Header, the Administration of the Honorable Lincoln C. Almond
Home buttonMenu item seperator graphicBiography buttonMenu item seperator graphicAccomplishments buttonMenu item seperator graphicContacts buttonMenu item seperator graphicPress releases and speeches buttonMenu item seperator graphicTransmittal messages buttonMenu item seperator graphicExecutive orders buttonMenu item seperator graphicPhotos button
  2002 Signature
2002 Veto
2002 No Action

2001 Veto
2001 No Action

2000 Signature
2000 Veto
2000 No Action

1999 Signature
1999 Veto

1998 Signature
1998 Veto
1998 No Action

1997 Signature
1997 Veto

1996 Signature
1996 Veto

1995 Signature
1995 Veto
1995 No Action

July 11, 2001


I am transmitting herewith, without my signature, 2001-S 1026, "An Act to Incorporate the Partnership for Rhode Island Marine Event Development."

This bill creates and incorporates the above-named entity for the stated purpose of attracting, promoting, expanding and developing marine events of national and international significance as a vehicle to expand boating, boat building, outfitting, tourism and related industries, to create jobs in these industries, and to foster public awareness and participation in marine events. The board of directors of the corporation consists of fifteen members: eight sitting legislators, four members appointed by the legislature and three members appointed by the Governor. The corporation, among other powers, possesses the power to make contracts, incur liabilities and borrow money, and to sue and be sued: all in its corporate name. The corporation does not appear to be an instrumentality of State government and appears to be a private non-profit corporation. The corporation receives no state money in the Act.

The creation of such a corporation is a good idea. Rhode Island continues to attract significant marine events. Last year, we hosted the Newport Bermuda Race, Europe One Two Man Star, Tall Ships 2000, J-24 World Championships, and the Newport International Boat Show. With world-renowned Newport and our beautiful Narragansett Bay, Rhode Island is positioned to do even better, especially in our quest to return the America's Cup races to Newport. This corporation, working with state entities, can assist in that endeavor.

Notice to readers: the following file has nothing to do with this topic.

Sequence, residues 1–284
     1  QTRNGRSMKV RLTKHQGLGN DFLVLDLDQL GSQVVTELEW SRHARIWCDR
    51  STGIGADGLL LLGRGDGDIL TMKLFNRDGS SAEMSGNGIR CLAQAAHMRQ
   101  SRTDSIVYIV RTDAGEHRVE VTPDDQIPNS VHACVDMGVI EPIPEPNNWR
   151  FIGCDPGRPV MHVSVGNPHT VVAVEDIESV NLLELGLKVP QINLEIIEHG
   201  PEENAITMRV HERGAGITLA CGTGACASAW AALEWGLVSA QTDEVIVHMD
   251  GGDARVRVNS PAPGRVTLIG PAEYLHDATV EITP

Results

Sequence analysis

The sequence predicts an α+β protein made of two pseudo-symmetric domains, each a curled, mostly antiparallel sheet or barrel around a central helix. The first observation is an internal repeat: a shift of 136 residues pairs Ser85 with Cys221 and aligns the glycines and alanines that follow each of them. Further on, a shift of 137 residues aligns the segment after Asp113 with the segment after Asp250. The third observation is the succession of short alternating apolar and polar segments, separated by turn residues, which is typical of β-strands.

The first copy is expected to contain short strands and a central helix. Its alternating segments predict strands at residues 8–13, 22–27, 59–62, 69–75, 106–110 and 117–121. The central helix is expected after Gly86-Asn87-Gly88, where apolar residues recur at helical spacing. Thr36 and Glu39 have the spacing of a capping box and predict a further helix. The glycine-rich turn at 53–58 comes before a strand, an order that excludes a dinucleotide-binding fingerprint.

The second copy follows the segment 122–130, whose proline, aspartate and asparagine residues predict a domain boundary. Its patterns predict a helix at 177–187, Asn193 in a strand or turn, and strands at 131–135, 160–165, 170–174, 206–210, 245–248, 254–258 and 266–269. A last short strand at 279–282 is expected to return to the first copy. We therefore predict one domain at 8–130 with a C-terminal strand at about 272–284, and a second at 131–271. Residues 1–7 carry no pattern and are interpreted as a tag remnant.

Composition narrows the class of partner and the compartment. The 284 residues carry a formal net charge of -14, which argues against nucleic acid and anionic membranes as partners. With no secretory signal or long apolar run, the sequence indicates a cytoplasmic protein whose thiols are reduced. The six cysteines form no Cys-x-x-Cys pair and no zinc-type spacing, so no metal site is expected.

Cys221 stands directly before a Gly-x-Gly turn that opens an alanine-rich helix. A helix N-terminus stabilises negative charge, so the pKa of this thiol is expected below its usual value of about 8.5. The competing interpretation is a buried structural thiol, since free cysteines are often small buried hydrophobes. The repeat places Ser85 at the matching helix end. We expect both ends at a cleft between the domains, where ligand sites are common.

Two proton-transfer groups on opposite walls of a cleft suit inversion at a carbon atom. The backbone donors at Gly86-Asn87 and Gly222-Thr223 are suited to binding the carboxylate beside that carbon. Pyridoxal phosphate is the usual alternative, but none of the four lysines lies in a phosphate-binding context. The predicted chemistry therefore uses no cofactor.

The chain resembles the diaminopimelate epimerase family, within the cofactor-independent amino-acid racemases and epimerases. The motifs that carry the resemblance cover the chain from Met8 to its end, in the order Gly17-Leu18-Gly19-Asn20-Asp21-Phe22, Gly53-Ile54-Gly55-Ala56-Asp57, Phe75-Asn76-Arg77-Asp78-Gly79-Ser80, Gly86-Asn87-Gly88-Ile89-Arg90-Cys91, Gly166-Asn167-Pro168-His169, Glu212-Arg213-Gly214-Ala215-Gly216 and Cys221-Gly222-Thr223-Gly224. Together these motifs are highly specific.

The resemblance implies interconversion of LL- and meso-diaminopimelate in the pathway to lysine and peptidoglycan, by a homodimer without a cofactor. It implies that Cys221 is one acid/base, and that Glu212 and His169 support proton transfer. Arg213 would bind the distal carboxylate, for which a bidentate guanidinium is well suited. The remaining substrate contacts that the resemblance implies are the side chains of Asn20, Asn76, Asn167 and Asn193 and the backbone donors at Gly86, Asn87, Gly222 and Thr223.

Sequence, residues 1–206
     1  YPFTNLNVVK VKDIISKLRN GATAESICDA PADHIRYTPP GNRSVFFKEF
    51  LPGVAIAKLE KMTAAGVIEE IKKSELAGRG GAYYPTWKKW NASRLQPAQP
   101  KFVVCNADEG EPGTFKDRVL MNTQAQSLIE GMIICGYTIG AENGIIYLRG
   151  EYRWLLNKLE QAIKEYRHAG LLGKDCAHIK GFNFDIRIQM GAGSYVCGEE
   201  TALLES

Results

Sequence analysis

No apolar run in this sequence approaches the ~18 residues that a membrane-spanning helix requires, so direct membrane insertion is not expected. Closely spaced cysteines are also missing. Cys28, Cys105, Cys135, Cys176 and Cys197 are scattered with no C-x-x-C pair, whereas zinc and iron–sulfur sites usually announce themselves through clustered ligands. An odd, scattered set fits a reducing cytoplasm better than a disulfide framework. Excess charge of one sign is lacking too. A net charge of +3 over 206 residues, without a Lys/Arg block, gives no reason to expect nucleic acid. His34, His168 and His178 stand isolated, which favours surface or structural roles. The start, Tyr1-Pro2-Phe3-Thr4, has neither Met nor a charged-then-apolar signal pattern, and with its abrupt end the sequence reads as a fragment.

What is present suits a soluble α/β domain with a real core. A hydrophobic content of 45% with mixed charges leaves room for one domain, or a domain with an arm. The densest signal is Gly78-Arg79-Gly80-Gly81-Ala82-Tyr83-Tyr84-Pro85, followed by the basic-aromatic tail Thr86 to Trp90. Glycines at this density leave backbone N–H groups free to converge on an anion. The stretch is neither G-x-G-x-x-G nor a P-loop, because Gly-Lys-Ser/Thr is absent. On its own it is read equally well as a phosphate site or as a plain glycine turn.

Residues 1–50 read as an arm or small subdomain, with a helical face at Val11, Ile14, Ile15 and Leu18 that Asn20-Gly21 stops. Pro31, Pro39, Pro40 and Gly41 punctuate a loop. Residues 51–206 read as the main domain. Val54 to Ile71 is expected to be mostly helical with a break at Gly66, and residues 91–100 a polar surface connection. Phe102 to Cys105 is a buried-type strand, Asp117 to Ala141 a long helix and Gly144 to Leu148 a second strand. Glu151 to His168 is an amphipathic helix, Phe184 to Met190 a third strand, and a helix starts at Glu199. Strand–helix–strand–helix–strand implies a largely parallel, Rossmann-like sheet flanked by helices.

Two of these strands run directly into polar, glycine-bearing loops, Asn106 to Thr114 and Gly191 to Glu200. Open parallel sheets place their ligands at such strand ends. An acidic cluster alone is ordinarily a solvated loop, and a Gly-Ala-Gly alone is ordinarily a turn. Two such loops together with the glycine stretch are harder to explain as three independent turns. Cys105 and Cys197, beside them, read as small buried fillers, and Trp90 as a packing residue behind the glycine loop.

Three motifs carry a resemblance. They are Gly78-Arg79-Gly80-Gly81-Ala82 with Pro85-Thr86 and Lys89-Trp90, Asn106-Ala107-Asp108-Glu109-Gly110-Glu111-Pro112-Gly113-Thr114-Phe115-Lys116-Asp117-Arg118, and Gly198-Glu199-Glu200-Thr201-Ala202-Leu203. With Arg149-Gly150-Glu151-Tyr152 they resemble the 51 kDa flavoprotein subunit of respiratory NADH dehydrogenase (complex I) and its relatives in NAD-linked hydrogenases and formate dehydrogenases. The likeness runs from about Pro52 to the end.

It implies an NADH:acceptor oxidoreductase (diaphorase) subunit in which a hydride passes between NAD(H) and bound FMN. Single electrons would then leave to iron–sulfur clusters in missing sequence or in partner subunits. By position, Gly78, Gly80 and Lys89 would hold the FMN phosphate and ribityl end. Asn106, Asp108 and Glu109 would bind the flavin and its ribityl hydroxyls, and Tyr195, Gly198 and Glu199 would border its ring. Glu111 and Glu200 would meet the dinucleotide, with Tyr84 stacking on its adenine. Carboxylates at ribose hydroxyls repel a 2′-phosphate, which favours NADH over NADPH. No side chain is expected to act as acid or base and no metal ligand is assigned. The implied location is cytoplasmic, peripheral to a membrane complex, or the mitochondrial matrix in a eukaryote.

The problem I have with this bill is the mandated omni-presence of sitting legislators and legislative appointees on this private corporation. The proper role of legislators in a three branch government is to pass laws, not carry them out or to sit on the boards in charge of executing the laws. In 1998, I was forced to veto a bill creating a state cancer council (with six of nine members General Assembly appointees) which would have exercised broad executive powers in state government {e.g., to amend the statewide cancer plan; and grant loans with state funds 10 private and public groups). That council was also to receive $250,000 in state funding. While I remain concerned with the legislative domination on this corporation, the corporation does not appear to exercise state power and most importantly is not funded with state tax dollars. There is no state funding for the corporation in the bill or the state budget. With no state funding at its inception and assurance that the corporation intends to fund itself through private grants, donations, sponsorships, fees, and revenue generating activities, I expect no State funding in the future. Moreover, I have been advised that the bill's provision to allow the corporation to pay salaries to its officers (potentially General Assembly members) was an unintended oversight, and in any event, any salaries would not be paid with state dollars since none have been appropriated. If this were otherwise, I would be forced 10 veto this legislation on separation of powers grounds.

For all of these reasons, I have allowed this bill to become law without my signature.


Lincoln Almond